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McDonald’s $5 meal deal to launch next week

REUTERS/SHANNON STAPLETON/FILE PHOTO
                                A man walks out of a McDonald’s restaurant in New York, in January 2011. McDonald’s will roll out its $5 meal deal from June 25 for a limited time at some restaurants across the U.S., the burger giant said today, as fast-food chains ramp up cost-friendly options to boost spending among lower-income groups.
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REUTERS/SHANNON STAPLETON/FILE PHOTO

A man walks out of a McDonald’s restaurant in New York, in January 2011. McDonald’s will roll out its $5 meal deal from June 25 for a limited time at some restaurants across the U.S., the burger giant said today, as fast-food chains ramp up cost-friendly options to boost spending among lower-income groups.

McDonald’s will roll out its $5 meal deal from June 25 for a limited time at some restaurants across the U.S., the burger giant said today, as fast-food chains ramp up cost-friendly options to boost spending among lower-income groups.

Restaurant Brands International-owned rival, Burger King, is also considering a $5 “Your Way deal” as companies turn to improved offers and promotions to counter inflation-hit customers who are increasingly opting to eat at home.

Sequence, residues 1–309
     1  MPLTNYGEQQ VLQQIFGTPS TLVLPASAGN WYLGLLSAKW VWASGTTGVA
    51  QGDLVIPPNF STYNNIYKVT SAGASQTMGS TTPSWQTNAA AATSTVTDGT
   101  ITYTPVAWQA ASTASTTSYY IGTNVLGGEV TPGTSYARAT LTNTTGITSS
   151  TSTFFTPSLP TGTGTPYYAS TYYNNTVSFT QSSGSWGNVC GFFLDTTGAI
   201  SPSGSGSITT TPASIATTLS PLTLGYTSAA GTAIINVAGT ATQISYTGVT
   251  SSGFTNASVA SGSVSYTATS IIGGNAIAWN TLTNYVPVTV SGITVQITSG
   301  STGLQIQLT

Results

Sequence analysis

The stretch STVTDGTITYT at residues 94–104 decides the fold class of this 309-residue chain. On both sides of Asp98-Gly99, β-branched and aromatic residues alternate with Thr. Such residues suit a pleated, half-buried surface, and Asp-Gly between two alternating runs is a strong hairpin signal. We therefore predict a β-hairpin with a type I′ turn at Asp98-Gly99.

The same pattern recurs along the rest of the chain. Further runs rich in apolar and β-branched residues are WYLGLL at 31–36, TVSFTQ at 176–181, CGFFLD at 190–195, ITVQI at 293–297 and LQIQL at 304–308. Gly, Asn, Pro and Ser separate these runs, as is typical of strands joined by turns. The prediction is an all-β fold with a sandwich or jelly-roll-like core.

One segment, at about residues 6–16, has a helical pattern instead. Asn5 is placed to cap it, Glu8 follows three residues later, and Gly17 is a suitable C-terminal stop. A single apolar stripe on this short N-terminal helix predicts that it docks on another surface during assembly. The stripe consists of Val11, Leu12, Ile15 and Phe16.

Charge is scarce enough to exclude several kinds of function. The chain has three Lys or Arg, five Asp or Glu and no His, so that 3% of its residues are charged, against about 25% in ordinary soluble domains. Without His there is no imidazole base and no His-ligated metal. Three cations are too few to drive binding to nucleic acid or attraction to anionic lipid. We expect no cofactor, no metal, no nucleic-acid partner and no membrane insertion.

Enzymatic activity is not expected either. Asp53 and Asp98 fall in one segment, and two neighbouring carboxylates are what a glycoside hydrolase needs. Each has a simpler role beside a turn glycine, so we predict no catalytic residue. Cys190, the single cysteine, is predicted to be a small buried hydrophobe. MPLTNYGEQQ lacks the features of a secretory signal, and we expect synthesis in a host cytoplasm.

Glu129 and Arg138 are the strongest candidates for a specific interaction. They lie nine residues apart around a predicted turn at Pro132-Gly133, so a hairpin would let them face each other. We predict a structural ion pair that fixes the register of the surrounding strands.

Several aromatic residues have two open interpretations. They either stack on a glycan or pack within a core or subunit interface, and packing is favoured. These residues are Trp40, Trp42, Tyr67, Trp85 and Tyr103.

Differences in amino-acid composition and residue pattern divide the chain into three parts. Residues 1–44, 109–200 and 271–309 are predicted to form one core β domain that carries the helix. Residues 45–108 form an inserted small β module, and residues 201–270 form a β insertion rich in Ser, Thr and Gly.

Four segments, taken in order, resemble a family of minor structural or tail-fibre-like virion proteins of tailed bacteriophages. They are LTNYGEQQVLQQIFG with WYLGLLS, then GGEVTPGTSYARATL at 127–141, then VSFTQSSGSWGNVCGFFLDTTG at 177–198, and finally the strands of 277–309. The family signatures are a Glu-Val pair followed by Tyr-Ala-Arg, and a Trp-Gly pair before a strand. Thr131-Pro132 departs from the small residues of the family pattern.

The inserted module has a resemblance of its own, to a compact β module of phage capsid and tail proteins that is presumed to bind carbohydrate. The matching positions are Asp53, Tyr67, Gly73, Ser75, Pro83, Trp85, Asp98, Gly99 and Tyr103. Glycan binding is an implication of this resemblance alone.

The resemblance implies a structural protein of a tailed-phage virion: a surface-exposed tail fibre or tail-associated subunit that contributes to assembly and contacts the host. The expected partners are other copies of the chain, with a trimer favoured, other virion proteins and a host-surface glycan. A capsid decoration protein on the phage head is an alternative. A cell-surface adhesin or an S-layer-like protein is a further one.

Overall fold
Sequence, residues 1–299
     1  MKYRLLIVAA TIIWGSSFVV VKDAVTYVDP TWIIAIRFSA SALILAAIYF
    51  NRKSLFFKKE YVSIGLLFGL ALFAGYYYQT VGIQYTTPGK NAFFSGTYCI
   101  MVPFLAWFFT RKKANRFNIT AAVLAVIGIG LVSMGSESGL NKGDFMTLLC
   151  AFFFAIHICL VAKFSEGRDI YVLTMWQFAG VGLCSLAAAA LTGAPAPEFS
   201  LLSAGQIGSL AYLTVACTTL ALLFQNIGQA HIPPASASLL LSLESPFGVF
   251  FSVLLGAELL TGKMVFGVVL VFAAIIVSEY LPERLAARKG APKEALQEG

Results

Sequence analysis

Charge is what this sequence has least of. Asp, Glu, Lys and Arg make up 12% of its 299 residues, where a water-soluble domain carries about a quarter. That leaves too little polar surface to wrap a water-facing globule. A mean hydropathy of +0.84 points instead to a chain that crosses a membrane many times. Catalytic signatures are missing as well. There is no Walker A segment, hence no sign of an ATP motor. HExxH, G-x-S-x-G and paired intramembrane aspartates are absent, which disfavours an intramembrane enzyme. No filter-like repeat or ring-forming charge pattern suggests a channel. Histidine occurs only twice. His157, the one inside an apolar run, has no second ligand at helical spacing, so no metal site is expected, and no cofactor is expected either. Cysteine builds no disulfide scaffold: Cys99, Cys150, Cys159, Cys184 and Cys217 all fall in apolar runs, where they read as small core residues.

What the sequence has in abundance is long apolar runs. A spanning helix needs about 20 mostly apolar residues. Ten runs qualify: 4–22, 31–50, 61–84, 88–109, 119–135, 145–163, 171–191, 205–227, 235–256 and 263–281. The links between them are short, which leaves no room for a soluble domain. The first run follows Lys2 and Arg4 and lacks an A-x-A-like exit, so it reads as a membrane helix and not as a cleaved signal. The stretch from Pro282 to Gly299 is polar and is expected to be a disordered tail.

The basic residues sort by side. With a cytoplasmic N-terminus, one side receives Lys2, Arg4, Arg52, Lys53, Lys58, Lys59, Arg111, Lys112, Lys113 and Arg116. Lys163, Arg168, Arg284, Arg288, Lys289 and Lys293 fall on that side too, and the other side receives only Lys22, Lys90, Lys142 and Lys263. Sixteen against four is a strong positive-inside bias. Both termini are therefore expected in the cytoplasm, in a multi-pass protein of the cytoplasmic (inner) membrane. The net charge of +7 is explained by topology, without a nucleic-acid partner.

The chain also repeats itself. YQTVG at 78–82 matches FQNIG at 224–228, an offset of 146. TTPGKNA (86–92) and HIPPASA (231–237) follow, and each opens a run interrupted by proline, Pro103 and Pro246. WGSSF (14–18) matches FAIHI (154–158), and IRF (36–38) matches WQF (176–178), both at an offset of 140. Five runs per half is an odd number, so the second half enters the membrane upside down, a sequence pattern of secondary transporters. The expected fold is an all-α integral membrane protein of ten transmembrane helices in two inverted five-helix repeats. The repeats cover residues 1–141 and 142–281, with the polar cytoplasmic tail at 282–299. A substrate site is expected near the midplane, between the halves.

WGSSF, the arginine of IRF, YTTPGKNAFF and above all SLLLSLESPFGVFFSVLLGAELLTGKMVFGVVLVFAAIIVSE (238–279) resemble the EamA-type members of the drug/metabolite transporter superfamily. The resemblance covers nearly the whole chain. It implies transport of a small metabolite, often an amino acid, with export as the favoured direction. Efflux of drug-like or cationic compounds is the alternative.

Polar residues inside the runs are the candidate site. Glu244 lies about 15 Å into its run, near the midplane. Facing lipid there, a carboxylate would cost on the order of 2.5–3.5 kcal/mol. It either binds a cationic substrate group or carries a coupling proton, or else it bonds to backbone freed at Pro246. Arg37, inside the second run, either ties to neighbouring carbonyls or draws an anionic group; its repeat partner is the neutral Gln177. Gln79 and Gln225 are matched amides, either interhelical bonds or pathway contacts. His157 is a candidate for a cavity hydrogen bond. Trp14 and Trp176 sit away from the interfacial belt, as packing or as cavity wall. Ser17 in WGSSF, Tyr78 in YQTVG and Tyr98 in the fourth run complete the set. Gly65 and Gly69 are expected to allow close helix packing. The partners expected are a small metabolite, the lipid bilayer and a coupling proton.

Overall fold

McDonald’s value deal will include a McDouble or McChicken sandwich, small fries, four-piece Chicken McNuggets, and a small soft drink for $5.

McDouble meal options may be priced at $6 at certain restaurants in Alaska, California, Guam, Hawaii, Nevada, New York (Manhattan only) and Washington.

McDonald’s also brought back app-only “Free Fries Friday” that allows customers to snag a free medium fry with any $1 minimum purchase through the end of 2024.

Picky spending hurt performance at McDonald’s and KFC parent Yum Brands in the latest reported quarter, whereas promotions fueled sales at Domino’s Pizza.

Disposable income among the lower-income groups in the U.S. is declining while menu prices have risen across the food industry over the past year as companies tried to mitigate higher commodity and supply chain costs.

Late May, McDonald’s USA President Joe Erlinger denounced in an open letter viral reports of runaway Big Mac prices as painting an inaccurate picture of the company.

Meanwhile, the pivot to eating at home has been accelerated by major retailers such as Target, Walmart and Kroger keeping prices on everyday essentials low.

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